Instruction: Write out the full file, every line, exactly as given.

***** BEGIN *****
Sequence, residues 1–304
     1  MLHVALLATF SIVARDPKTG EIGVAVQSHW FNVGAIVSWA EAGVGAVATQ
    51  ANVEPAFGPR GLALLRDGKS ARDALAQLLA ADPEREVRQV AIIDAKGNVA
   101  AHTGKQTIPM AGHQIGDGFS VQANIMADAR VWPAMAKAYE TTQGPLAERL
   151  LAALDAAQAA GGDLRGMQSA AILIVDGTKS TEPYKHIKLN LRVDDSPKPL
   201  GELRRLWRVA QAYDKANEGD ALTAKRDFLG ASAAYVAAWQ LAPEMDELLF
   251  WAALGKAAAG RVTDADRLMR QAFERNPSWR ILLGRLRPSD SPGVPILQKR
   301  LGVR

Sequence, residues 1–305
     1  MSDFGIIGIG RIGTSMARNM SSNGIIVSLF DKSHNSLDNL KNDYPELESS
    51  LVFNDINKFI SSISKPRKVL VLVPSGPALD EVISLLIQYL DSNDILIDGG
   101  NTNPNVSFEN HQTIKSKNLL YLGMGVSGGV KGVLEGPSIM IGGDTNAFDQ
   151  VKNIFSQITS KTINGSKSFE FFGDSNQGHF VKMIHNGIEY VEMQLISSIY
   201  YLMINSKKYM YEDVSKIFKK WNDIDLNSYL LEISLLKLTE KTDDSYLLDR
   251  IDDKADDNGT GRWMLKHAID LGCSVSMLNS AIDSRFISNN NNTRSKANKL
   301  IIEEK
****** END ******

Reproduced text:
Sequence, residues 1–304
     1  MLHVALLATF SIVARDPKTG EIGVAVQSHW FNVGAIVSWA EAGVGAVATQ
    51  ANVEPAFGPR GLALLRDGKS ARDALAQLLA ADPEREVRQV AIIDAKGNVA
   101  AHTGKQTIPM AGHQIGDGFS VQANIMADAR VWPAMAKAYE TTQGPLAERL
   151  LAALDAAQAA GGDLRGMQSA AILIVDGTKS TEPYKHIKLN LRVDDSPKPL
   201  GELRRLWRVA QAYDKANEGD ALTAKRDFLG ASAAYVAAWQ LAPEMDELLF
   251  WAALGKAAAG RVTDADRLMR QAFERNPSWR ILLGRLRPSD SPGVPILQKR
   301  LGVR

Sequence, residues 1–305
     1  MSDFGIIGIG RIGTSMARNM SSNGIIVSLF DKSHNSLDNL KNDYPELESS
    51  LVFNDINKFI SSISKPRKVL VLVPSGPALD EVISLLIQYL DSNDILIDGG
   101  NTNPNVSFEN HQTIKSKNLL YLGMGVSGGV KGVLEGPSIM IGGDTNAFDQ
   151  VKNIFSQITS KTINGSKSFE FFGDSNQGHF VKMIHNGIEY VEMQLISSIY
   201  YLMINSKKYM YEDVSKIFKK WNDIDLNSYL LEISLLKLTE KTDDSYLLDR
   251  IDDKADDNGT GRWMLKHAID LGCSVSMLNS AIDSRFISNN NNTRSKANKL
   301  IIEEK